Bobby Crimo joins a long list of shooters with brains damaged by mind-altering substances. Was he on prescription antidepressants as well? The public must see his medical records. We know enough about previous shooters to demand answers.
The media insists there’s no link between violence and SSRIs. Their “fact checks” are never very convincing. The truth is, it’s hard to find a mass shooter who wasn’t on some form of psychotropic, a class of medication that includes antidepressants, anxiety pills, painkillers, and most illegal drugs.
Dylann Roof, who killed nine people in the Charleston church shooting, was on Suboxone. Sandy Hook shooter Adam Lanza took the antidepressants Lexapro and Celexa. Aurora killer James Holmes? Clonazepam and Zoloft. Virginia Tech mass murderer Seung-Hui Cho was prescribed Prozac. The list goes on forever, but the media says you’re guilty of “baseless” and “unfounded” conspiracy theories if you notice a pattern.
Why are so many young men put on SSRIs, Adderall, and other life-wrecking drugs, at rates unthinkable to previous generations? Sometimes, it’s because they are lifelines, at least when used sparingly. For some, under close supervision, they provide essential support with the traumas of teenage years.
More often, however, boys are placed on addictive, dangerous substances almost vindictively, for being full of energy and disruptive when bored—in other words, for being boys. Teens once let off steam in competitive sport and demanding physical activity. But in today’s feminized educational environment, teachers judge boys against female standards of behavior, and punish them when they don’t behave like girls.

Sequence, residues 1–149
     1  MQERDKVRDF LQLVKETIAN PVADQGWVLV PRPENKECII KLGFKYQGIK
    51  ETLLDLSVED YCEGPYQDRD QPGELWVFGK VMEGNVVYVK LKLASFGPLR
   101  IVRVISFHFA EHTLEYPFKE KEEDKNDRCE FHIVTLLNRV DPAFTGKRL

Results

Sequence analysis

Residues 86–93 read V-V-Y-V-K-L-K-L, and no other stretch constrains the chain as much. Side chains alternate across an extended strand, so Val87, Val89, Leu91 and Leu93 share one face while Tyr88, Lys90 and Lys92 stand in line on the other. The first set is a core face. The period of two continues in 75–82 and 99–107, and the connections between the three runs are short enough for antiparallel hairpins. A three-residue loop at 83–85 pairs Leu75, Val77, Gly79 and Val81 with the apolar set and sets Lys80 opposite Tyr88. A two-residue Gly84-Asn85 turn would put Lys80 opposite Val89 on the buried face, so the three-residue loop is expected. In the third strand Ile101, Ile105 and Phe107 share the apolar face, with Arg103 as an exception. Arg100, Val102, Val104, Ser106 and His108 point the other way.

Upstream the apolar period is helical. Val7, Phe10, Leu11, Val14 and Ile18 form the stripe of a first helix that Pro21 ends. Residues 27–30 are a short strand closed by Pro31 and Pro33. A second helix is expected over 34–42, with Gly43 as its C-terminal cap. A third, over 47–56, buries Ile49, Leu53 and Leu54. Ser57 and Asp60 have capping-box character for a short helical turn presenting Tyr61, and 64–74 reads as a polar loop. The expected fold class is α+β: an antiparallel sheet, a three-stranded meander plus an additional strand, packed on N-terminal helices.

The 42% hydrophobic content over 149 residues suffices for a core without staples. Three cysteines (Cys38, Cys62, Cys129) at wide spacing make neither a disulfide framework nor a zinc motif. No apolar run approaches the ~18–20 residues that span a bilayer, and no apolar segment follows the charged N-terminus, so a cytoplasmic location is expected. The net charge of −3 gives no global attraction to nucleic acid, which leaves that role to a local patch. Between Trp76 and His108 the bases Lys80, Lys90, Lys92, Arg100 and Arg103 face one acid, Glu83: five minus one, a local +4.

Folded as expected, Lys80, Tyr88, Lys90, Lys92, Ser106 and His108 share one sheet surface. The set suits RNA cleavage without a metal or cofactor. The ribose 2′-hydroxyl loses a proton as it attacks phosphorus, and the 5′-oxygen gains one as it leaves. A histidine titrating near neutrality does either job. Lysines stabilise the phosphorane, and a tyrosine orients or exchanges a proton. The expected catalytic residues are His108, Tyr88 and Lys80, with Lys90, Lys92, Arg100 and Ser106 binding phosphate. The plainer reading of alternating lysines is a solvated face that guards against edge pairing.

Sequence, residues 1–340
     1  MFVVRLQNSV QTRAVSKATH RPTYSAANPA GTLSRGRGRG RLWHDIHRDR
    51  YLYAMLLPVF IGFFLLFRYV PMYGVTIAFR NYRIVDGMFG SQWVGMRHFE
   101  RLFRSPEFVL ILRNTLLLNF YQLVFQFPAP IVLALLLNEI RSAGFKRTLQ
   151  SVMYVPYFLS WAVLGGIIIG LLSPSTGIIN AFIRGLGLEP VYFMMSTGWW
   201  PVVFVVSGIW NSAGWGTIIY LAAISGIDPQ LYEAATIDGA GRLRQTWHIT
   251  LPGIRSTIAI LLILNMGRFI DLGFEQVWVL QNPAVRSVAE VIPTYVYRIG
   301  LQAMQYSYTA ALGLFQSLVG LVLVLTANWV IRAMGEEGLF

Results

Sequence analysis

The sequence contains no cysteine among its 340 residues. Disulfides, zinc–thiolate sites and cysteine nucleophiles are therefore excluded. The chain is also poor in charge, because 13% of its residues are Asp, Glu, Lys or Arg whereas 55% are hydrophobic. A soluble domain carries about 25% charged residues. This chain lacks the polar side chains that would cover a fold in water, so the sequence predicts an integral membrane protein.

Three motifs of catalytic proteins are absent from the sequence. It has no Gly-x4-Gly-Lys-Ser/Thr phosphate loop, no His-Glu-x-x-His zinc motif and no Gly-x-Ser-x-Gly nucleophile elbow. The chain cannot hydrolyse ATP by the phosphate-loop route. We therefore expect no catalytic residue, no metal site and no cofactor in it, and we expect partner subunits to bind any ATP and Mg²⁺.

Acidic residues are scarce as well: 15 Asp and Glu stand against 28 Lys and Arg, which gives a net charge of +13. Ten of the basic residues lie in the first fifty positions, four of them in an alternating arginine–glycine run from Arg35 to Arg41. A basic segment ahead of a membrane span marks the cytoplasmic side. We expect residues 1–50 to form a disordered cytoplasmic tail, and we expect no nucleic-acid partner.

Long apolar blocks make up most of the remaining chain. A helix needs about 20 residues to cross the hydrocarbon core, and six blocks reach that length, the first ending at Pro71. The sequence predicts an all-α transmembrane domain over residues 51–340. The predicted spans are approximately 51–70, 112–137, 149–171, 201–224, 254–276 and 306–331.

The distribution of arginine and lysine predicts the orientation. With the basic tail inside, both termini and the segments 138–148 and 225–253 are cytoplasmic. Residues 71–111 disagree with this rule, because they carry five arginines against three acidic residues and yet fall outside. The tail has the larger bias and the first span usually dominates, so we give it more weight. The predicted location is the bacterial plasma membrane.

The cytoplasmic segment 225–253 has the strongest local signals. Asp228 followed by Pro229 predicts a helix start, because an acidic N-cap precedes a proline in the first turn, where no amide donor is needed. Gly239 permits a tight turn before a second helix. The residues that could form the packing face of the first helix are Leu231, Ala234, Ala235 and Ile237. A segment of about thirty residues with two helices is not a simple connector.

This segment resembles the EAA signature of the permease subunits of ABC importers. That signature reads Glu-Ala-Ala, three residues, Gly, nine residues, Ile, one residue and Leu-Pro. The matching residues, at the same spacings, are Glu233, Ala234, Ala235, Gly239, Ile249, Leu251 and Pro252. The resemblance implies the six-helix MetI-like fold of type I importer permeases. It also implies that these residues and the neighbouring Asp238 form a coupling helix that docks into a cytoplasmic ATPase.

In her book The War Against Boys, scholar Christina Hoff Sommers describes how young men are punished for normal, healthy behavior, and how they fall behind in school as a result. Codes of conduct, behavior standards and even exams have all been rewritten to favor girls by the three-quarters of American teachers who are women.
The average age of these teachers is 41. There are very few male teachers who are heroic masculine role models. Schoolteachers of both sexes lean Democrat. 60 per cent of K-12 educators say “white supremacy” is a major problem; some are thinking of their own students.
Our country is becoming fatherless and faithless, with a teaching workforce offended by masculinity and occasionally outright hostile to the sex and race of its students. Stir in decades of reflexive pill-popping culture, and we arrive at a dangerous moment in history: The tranquilization of the American male.